By Rabbi Natan LEVY, Interfaith and Social Action Consultant, The Board of Deputies.
You should have seen my daughter dance on Simchat Torah! Up high on my shoulders, round and round the Sefer Torah, her little hand would pull me back into the circle of dancing men, should I ever desist from a single round of the grapevine four-step.
Now she is 10, and will only venture into my side of the mechitzah if there are sweets involved. Last Simchat Torah, mid-Hakafot melee, I found her reading a novel under the kiddush table.
“Why aren’t you dancing?” I asked. She gave me the ‘stupid adult look’, pointed past me to the women’s section of the shul and shrugged. So, out of curiousity, I admit gentle reader, I peeked over the mechitzah.
There were women talking, women playing with children, even women learning, but there was not a single woman dancing.
“Why don’t the women dance?” I asked my wife that evening. “With what?” she replied. It struck me then that a lot of the dancing on my side of the mechitzah is less dance than fo- cused movement in relation to the Torah and those who hold it. Without the Torah as lode-stone, the dancing could never be sustained through a fairly monotonous circling and a tune stuck on replay.
This year, my daughter and I decided to scour Edgware for a shul where women might dance with the Torah. “I hear there is a place in Golders Green,” a friend confided. “We are looking for a local synagogue,” I replied, “not a pilgrimage.”
Another woman spoke of a shul in a quasi-mythical past where, for one radical year, the rabbi passed a Sefer Torah over the mechitzah. “What happened the following year?” I asked. “The rabbi refused,” she replied. “He said the Sefer came back smelling like perfume.”
Perhaps many of you are familiar with the rather tenuous Halachic reasoning that keeps my daughter so removed from a Torah scroll. Despite the clear decision of the Shulchan Aruch (Orach Chaim 88:1) that anyone can touch a Sefer Torah, Rabbi Moshe Isserles notes a peripheral tradition in some Ashkenazi communities that a women would neither attend synagogue, pray, touch a Torah scroll nor even mention God’s name during menstruation.
Never mainstream, by the beginning of the 19th Century, the Chayei Adam noted that even this extreme stance had became less stringent, and menstruating women were welcome to attend shul and pray, although they were still discouraged from looking at or touching a Sefer Torah.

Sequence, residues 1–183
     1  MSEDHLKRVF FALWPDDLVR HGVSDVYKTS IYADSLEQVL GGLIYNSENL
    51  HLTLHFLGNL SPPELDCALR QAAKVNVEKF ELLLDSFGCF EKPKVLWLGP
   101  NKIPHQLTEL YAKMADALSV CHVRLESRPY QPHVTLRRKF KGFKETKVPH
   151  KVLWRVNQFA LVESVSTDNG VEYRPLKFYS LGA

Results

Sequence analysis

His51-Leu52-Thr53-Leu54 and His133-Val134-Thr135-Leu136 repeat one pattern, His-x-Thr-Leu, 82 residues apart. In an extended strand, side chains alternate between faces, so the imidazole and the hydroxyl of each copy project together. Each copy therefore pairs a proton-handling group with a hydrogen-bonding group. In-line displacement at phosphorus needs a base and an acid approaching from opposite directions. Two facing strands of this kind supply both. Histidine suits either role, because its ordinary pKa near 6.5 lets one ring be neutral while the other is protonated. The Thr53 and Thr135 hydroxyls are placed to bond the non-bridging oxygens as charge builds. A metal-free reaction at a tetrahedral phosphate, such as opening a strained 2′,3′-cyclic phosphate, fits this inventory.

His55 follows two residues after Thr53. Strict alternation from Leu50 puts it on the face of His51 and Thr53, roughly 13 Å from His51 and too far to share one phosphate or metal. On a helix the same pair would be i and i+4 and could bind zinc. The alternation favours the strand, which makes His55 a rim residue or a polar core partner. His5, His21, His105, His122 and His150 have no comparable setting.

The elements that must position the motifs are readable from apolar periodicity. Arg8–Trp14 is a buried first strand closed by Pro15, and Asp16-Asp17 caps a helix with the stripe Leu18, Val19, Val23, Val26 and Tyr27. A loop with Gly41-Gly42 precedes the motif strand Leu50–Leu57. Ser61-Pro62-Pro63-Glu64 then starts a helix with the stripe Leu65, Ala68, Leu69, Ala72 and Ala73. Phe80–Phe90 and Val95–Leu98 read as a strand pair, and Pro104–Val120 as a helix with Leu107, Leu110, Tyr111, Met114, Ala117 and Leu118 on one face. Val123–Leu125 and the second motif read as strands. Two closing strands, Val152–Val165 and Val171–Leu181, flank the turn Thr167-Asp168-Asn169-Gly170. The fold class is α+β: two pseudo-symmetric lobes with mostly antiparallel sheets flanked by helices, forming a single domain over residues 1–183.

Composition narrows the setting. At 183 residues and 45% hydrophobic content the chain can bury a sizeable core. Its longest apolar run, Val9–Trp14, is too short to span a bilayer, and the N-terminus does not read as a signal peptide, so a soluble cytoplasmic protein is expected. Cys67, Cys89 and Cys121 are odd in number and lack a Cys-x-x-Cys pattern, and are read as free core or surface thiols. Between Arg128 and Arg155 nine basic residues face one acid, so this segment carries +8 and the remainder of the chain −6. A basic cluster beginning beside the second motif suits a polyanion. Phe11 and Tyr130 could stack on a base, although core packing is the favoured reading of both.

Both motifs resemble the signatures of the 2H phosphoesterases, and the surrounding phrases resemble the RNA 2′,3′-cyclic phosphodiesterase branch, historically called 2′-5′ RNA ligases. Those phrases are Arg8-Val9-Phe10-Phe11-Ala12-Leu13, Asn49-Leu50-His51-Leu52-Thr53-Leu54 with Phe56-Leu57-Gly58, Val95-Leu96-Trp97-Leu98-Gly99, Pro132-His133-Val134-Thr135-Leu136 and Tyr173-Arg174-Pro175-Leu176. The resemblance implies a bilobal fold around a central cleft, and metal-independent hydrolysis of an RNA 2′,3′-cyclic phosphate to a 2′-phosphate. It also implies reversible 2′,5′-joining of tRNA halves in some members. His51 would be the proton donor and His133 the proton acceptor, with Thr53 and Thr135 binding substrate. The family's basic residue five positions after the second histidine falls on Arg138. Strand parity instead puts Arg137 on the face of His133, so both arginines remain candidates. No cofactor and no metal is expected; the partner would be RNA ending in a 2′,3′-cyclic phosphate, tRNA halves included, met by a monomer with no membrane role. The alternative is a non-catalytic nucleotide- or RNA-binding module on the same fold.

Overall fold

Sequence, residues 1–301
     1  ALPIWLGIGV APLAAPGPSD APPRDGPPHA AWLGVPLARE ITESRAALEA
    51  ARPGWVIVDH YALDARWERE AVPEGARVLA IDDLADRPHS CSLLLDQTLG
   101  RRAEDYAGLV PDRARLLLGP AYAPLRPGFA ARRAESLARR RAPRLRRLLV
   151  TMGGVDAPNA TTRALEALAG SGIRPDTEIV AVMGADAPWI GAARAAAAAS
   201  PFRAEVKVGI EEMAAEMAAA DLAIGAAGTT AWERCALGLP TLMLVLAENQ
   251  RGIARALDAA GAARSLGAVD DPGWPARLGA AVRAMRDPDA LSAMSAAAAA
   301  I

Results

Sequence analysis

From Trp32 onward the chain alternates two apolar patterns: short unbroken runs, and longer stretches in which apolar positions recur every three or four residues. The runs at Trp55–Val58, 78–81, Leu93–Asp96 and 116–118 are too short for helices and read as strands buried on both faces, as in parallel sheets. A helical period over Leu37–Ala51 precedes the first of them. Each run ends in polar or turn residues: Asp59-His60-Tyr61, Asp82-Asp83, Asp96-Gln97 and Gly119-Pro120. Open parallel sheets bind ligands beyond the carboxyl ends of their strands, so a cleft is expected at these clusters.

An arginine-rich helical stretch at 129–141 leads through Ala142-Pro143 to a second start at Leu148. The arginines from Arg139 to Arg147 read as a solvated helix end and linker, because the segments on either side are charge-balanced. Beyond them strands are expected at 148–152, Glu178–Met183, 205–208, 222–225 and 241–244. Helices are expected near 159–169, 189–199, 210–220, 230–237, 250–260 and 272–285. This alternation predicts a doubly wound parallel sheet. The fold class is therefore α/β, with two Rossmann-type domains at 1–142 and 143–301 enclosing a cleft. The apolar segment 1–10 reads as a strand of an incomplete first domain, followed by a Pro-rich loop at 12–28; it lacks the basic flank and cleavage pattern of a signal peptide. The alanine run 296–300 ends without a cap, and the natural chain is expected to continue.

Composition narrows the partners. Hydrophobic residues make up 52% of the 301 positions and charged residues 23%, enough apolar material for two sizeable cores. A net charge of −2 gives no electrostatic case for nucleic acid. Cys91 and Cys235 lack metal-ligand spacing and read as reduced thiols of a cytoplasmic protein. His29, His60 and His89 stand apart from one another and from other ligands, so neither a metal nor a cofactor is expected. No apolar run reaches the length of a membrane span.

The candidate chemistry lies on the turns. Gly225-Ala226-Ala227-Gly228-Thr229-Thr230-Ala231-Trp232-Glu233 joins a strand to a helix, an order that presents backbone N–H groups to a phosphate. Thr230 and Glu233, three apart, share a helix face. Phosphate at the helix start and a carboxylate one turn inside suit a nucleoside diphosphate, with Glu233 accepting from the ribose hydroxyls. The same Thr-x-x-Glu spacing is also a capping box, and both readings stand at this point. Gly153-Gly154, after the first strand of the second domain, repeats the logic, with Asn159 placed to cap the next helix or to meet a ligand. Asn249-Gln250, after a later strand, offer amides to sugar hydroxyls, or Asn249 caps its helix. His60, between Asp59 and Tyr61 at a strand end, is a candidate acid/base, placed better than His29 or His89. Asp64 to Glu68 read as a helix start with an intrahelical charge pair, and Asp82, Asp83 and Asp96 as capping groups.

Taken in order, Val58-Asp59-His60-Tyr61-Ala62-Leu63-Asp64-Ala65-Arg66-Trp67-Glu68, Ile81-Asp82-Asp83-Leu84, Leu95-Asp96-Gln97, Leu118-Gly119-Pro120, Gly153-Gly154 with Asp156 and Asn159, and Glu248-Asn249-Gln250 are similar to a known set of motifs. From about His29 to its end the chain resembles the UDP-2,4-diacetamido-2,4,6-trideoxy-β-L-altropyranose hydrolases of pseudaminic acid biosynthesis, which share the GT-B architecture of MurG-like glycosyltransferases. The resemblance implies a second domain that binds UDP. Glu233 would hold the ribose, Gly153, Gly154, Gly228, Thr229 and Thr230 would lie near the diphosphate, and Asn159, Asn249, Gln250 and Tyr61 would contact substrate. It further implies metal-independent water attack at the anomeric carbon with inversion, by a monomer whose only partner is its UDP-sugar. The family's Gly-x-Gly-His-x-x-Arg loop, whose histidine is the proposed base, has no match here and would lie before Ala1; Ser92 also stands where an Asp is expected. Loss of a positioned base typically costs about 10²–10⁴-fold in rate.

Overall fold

How this duly noted, but marginal, law dealing exclusively with menstruation, became the widespread Halachic reality for all females in Orthodox synagogues in London, sans the few pilgrimage-esque exceptions, is a matter of speculation. And why the current rabbinical leadership is so resistant to the prospect of women touching a Torah, despite the fact the great sages from Rashi to Rambam to Rabbi Karo specifically allow it, is quite possibly a question for the sociologists rather than the adjudicators of Jewish law.
The week-long festival of Succot, which culminates in Simchat Torah, has been imbued with dancing since at least the time of the first Temple in Jerusalem. The Talmud (Succot 51b) tell us that men and the women used to mingle so frivously during this festive service in the Temple courtyards that the sages had a women’s gallery carved into the walls of the courtyard to keep them apart.
To renovate the Temple God designed and King Solomon built required a radical Halachic innovation. Surely it would have been simpler to tell the women to stay away during the festivitives? The rabbis never contemplated the idea – joy is something shared.
Yet today, we are so beholden to the edi fice of a marginal and perhaps even misapplied tradition, that we are unwilling to carve out a joyous new opportunity for half the community.
This Simchat Torah, my daughter will again have to settle for a good book and a cozy spot under the tables.
And though I will dance and, perhaps, have the honour of holding a Torah scroll, it will be harder to sing, “God’s Torah is Perfect” (Psalms 19:8) knowing she can only watch us men from the shadows – lest the Torah come back from her side of the mechitzah smelling that bit too fragrant.